July 30 (Bloomberg) -- WestJet Airlines Ltd. reported second-quarter profit that beat analysts’ estimates and said it will achieve greater cost reductions than planned.
Net income increased 5.2 percent to C$44.7 million ($43.5 million), or 34 cents a share, from C$42.5 million, or 31 cents, a year earlier, the Calgary-based company said in a statement today. Analysts anticipated 33 cents a share, the average of estimates compiled by Bloomberg. Revenue rose 4.3 percent to C$843.7 million, short of a C$860.2 million average projection.
Chief Executive Officer Gregg Saretsky is working to reduce costs at Canada’s second-largest carrier by C$100 million by the end of 2015 with steps such as adding more efficient planes and increasing per-plane flying. WestJet has “identified and implemented actions” that will probably result in savings of C$50 million to C$75 million next year, the company said today in a filing posted on its website.
For all of 2013, the airline said it now expects costs for each seat flown a mile, excluding fuel and employee profit sharing, to decline 0.5 percent to 1 percent -- mostly as a result of expense reductions “achieved and anticipated.” On May 7, WestJet had predicted costs on that basis would increase by zero to 1 percent in 2013.
Excluding fuel and employee profit sharing, those costs dropped 0.7 percent in the second quarter. WestJet sees the costs declining as much as 1.5 percent in the third quarter.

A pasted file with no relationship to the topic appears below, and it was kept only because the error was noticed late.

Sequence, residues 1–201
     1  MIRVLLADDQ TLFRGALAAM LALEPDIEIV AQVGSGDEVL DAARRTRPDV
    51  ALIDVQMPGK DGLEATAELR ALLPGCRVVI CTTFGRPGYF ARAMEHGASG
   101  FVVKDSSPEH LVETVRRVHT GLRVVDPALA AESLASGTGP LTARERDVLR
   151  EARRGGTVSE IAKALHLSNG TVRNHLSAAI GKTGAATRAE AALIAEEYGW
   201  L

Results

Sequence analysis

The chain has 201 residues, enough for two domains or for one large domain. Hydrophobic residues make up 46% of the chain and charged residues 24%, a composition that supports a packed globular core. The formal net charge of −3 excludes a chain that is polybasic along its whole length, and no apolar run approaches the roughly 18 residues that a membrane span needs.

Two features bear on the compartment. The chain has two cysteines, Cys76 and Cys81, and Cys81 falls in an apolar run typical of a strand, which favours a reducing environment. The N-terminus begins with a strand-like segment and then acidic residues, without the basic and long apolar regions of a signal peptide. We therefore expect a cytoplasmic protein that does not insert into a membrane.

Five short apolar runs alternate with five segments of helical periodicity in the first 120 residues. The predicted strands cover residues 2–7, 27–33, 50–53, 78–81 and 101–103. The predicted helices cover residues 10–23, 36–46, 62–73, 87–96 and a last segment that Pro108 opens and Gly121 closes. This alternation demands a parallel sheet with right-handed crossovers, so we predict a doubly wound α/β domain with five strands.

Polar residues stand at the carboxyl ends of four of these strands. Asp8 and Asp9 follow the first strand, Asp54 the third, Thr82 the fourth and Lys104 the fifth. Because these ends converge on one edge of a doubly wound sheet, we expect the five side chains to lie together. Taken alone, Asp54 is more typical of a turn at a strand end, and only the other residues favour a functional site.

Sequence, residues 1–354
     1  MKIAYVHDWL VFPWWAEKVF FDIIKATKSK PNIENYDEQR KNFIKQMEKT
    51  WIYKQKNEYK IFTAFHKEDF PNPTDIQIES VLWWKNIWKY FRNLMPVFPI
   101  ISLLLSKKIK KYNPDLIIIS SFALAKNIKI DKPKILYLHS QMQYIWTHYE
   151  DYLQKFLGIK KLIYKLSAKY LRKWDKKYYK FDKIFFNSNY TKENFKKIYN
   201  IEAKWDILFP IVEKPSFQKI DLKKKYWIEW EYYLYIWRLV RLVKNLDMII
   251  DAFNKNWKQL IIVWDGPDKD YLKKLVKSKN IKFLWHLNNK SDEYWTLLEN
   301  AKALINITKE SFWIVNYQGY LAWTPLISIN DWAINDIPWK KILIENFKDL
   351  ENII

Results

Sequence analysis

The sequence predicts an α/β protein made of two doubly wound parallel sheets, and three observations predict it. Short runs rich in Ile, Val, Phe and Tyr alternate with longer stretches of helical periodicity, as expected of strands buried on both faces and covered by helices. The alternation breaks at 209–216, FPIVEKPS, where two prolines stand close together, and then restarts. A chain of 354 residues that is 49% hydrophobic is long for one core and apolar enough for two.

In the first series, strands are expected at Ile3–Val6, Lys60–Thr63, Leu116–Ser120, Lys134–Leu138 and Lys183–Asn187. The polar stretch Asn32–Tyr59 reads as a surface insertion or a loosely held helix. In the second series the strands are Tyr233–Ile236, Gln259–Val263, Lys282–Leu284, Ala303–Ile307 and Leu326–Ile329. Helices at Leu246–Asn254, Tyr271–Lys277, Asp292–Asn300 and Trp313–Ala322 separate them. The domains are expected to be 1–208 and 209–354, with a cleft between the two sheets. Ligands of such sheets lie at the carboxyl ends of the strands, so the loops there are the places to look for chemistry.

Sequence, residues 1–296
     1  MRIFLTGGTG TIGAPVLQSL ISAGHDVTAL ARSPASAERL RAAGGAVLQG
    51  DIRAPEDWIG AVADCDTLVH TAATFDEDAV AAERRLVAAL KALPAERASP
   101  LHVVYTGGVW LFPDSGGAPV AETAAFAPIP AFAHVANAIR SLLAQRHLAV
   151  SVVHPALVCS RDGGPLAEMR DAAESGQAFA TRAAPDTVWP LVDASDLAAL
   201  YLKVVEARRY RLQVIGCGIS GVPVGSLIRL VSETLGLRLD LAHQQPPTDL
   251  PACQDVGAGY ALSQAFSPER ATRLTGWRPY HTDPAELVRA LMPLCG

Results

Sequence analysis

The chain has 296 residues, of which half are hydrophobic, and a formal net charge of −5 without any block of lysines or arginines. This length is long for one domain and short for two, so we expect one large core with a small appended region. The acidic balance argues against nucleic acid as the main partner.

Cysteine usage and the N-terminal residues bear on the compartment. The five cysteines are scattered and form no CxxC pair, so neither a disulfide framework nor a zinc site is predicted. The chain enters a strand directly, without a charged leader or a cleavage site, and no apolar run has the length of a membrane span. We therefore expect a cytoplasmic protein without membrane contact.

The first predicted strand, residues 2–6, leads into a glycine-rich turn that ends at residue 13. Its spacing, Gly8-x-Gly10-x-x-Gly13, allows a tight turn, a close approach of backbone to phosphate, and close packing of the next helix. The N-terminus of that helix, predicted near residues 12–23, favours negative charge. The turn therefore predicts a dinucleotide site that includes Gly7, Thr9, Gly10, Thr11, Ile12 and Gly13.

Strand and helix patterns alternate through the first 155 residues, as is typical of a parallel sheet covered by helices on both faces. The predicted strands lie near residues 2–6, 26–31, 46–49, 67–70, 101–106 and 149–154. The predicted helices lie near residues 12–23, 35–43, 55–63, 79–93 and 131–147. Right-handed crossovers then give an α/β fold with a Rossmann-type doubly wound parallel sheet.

Results in the latest period include C$8.4 million in “transition costs” associated with the savings plan, the company said without being more specific.
WestJet fell 0.1 percent to C$20.11 at the close in Toronto. The shares have gained 1.5 percent this year, compared with a 1.2 percent advance for Canada’s benchmark Standard & Poor’s/TSX Composite Index.
Revenue for each seat flown a mile, which slid 4.6 percent in the second quarter, will “experience a similar level of year-over-year percentage decline” in the third quarter, the company said. WestJet blamed the expected drop on increased capacity associated with higher utilization, the reconfiguration of its Boeing Co. 737-800 fleet, and the ramping up of its Encore regional unit.
“They had a good cost performance in Q2, and their expectation for the full year is substantially better than what I was looking for,” Cam Doerksen, an analyst at National Bank Financial in Montreal, said in a telephone interview.
Offsetting the savings is WestJet’s third-quarter revenue forecast, which is “definitely weaker than what I had in my model,” said Doerksen, who has an outperform rating on the stock. “We’ll probably see a similar situation in Q3. They should still have a very good quarter, with continued performance on the cost line.”
“Strong traffic and revenue growth” will continue this quarter, WestJet said today. Jet fuel costs will probably range between 90 and 92 cents per liter in the period, a year-over-year increase of as much as 2 percent.
Encore began operating June 24 in a bid for part of a C$2 billion market for short-haul Canadian and trans-border flights. Saretsky said today he’s “pleased” with initial results. WestJet also introduced so-called premium economy seating aimed at business travelers who want extra legroom.
Systemwide capacity will probably climb 4 percent to 6 percent next year, the carrier said today.
“The flexibility we have built into our fleet plan through lease renewal options and our ability to deploy a mix of Boeing 737 and Bombardier Q400 aircraft allows us to tailor capacity and continue our profitable growth while aligning with market conditions,” Saretsky said.
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